Some members of the U.S. Army, Navy, Air Force, and Marine Corps are skilled in reading, writing, and speaking foreign languages. Service as a military translator or interpreter involves making sense of what someone says or writes in one of the world's many languages, and sometimes returning communication in a language other than English.
On the job, military interpreters and translators typically work on military bases. They also may perform their duties on aircraft or aboard naval ships. Their tasks may include
- Translating foreign documents, books, newspapers, magazines, and instructional manuals
- Preserving original meaning of communications from a foreign language to a language of choice, often English
- Handling electronic equipment designed to intercept foreign transmissions or broadcasts
- Developing written reports on information gathered
- Interviewing captured prisoners, deserters, or informers in their native tongues
To prepare for a career as a military translator or interpreter (even before joining a branch of the Armed Force), study foreign language classes during your high school years — or even before. Recognize your interest in working with people from a variety of backgrounds. Consider taking speech and writing courses; you may even want to become involved in your school's speech club, newspaper publication, or yearbook development.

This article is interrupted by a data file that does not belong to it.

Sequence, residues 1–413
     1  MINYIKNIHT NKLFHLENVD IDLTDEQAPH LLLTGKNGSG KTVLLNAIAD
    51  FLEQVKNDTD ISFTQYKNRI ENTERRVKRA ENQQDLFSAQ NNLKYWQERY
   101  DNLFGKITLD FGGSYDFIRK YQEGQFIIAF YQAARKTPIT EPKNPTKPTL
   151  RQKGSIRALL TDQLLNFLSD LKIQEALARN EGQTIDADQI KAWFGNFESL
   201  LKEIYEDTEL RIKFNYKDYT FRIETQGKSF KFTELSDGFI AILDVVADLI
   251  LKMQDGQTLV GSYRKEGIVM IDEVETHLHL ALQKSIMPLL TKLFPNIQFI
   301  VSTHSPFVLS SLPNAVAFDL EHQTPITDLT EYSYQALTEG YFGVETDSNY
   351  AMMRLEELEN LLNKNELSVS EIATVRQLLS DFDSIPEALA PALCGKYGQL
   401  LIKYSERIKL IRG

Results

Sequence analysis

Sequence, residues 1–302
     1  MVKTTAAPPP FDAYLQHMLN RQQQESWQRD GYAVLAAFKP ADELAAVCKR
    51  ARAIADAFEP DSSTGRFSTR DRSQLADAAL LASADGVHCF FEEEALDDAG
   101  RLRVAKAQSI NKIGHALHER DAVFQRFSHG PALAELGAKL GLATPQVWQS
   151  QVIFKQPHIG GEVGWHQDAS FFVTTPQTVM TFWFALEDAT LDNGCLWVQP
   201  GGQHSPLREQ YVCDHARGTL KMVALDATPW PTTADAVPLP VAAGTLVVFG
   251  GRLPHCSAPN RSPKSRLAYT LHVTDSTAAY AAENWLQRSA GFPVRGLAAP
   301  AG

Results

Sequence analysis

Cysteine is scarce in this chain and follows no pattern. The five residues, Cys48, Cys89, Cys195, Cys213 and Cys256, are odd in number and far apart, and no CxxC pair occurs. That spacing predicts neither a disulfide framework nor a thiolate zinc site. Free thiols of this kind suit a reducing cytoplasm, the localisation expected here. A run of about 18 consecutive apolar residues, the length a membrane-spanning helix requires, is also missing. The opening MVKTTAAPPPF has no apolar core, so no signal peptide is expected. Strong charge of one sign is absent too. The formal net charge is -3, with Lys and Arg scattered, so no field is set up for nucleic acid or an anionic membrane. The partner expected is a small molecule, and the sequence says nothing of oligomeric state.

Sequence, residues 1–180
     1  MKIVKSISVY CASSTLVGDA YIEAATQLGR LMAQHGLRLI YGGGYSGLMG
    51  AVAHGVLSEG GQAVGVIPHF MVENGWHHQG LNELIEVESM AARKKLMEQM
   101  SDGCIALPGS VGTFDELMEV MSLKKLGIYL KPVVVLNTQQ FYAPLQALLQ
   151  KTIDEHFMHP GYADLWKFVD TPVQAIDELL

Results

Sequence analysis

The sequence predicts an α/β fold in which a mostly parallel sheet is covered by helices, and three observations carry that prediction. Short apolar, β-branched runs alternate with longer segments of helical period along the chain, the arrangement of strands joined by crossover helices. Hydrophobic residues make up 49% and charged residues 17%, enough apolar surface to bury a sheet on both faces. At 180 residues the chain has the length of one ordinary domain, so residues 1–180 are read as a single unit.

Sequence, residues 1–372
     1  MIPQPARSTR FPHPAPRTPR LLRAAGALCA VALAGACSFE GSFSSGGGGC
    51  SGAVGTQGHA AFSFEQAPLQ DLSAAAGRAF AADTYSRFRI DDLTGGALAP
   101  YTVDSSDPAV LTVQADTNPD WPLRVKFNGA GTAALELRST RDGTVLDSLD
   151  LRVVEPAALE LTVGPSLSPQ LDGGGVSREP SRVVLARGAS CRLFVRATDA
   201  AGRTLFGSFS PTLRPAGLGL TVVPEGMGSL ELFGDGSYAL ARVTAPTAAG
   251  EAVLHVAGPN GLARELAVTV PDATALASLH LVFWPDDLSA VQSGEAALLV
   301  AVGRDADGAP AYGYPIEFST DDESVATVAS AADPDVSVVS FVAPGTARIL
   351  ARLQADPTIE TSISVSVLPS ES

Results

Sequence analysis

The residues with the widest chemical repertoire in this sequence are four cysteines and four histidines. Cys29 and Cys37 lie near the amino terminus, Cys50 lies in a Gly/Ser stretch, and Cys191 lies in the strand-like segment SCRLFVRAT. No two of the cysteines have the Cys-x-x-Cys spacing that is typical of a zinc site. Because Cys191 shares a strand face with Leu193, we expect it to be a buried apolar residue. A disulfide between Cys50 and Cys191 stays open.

Once you've committed to the military, you can expect training in your area of interest. If you want to pursue a role in translating or interpreting, you can look forward to classroom instruction, along with practice sessions.
Of course, if you're not fluent in a language before you enter the military, your training will bring you up to speed before you move on to advanced coursework. Translators and interpreters prove themselves with several skills as they progress toward deployment in real-life situations. Training may include interrogation methods, report preparation, and operation and maintenance of sensitive communications equipment.
A similar skill set applies within the civilian population of interpreters and translators, many of whom work in university settings, government agencies, foreign embassies, and organizations that do business in overseas locations.